That approach proved to be a winning one for Miller, who was joined by her father on the Budapest trip.
Although she was told by the Hungarian trainer, who happened to have two horses in the race, that her chances at hitting the line first was a legitimate longshot, Miller (who would eventually finished second in the overall competition, missing top spot by one point) went into the race convincing herself she was partnered with the prohibitive favorite.
“The trainer, she came up to me and said, ‘of my two horses, this one isn’t as talented as the other one.’ She explained the horse hadn’t been racing well. My dad told me, ‘this is the first time you’ve driven the horse, so regardless of what everyone else tells you, go out there and do it your way.’
“I got a feel for the horse, warming up, and we went out there and won it. I think we dropped the lifetime mark by about three seconds. I didn’t know much about the horse, so judging by how he felt, I was aggressive with him at the start and it paid off. I ended up being Facebook friends with the trainer and she let me know he went on to win two or three more races in a row after that.”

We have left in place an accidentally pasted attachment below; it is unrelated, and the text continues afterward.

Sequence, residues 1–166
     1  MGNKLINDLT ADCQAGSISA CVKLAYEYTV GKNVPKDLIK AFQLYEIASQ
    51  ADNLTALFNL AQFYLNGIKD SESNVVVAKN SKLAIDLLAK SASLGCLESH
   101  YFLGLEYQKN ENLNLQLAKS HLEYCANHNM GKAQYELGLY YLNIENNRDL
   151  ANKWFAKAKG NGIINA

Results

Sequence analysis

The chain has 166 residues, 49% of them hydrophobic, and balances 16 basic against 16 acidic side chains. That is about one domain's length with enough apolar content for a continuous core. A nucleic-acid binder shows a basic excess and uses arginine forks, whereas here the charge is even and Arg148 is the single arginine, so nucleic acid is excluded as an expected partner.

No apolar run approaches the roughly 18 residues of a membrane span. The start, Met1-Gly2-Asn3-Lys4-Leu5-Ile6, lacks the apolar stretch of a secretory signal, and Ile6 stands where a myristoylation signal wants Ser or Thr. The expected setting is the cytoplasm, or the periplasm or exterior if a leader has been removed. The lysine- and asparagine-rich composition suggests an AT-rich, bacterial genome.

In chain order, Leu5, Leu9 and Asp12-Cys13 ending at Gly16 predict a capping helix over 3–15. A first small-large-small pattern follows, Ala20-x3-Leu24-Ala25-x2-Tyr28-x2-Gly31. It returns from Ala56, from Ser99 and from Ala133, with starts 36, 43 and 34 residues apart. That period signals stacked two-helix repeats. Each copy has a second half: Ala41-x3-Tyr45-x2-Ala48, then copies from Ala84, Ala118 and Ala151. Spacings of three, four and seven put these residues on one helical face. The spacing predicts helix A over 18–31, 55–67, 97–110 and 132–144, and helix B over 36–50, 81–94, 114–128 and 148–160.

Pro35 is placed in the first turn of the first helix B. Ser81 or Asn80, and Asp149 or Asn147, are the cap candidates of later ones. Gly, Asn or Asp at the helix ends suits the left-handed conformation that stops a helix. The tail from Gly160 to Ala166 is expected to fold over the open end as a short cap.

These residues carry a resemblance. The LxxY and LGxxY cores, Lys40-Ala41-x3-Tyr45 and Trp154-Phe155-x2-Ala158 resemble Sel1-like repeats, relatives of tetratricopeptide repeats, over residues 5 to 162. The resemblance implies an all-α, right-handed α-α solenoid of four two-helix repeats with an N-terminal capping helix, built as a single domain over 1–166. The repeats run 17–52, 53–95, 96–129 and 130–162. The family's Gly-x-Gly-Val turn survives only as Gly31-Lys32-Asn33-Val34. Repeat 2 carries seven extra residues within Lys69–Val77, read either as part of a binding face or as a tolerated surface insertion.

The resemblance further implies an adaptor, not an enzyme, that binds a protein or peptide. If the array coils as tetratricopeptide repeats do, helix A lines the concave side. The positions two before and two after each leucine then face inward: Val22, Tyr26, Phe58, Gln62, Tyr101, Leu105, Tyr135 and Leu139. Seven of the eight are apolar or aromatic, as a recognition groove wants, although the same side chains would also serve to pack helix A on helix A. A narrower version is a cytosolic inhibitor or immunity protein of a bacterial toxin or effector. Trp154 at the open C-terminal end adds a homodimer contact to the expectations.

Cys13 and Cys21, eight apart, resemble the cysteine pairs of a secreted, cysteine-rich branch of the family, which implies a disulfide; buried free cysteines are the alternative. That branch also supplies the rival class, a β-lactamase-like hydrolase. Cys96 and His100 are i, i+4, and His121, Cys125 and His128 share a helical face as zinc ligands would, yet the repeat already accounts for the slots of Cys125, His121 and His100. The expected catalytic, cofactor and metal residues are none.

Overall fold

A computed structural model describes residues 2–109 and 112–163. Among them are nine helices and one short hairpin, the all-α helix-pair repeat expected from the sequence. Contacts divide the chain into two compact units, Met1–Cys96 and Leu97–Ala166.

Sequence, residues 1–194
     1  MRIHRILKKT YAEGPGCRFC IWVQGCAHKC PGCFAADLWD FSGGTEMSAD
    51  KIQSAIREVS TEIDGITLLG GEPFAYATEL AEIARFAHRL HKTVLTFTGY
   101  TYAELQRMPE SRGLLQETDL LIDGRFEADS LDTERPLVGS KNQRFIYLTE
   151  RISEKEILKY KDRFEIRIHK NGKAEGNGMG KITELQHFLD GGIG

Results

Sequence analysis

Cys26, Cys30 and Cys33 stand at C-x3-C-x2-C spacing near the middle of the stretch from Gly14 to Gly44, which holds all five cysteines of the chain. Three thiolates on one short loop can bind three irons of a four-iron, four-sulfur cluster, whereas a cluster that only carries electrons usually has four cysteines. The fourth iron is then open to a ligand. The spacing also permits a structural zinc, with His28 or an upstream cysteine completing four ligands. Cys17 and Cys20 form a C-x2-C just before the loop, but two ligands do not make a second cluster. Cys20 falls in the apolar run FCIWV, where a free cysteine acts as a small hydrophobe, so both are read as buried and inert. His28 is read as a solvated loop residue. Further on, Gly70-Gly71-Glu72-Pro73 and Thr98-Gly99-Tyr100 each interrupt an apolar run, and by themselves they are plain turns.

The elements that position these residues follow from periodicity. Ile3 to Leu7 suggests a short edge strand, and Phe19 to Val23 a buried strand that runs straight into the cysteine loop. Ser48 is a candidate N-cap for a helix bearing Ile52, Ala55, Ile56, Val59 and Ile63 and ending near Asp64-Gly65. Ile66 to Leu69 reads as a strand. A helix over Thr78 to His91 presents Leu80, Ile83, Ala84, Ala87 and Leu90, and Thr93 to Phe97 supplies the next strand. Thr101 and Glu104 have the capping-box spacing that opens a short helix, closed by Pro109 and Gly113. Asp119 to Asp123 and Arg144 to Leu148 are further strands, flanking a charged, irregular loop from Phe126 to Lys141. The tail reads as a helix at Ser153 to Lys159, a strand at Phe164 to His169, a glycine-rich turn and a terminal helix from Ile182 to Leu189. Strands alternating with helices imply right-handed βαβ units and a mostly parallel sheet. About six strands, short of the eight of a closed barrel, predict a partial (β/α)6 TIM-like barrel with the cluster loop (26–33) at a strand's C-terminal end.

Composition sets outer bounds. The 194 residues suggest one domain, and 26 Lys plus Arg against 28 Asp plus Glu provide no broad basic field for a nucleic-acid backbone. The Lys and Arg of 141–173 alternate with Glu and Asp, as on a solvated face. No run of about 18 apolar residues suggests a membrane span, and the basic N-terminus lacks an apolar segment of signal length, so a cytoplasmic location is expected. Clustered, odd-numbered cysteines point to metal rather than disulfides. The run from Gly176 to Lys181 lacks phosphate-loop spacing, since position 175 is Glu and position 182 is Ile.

Miller’s magic touch was evident early on in her career, one that was sparked by her father’s suggestion to give it a shot.
After one win and a second in two starts in 2012 (her first drive came at the Illinois State Fairgrounds), she went 2-1-1 in six races the following year, and then posted a 6-2-2 mark from 12 drives in 2014.
It was 2015 when Miller stamped herself as one of standardbred racing’s top amateur stars.
She won 32 races, finished with a .425 UDR in 118 starts, and became the first woman to be named “National Amateur Driver of the Year.”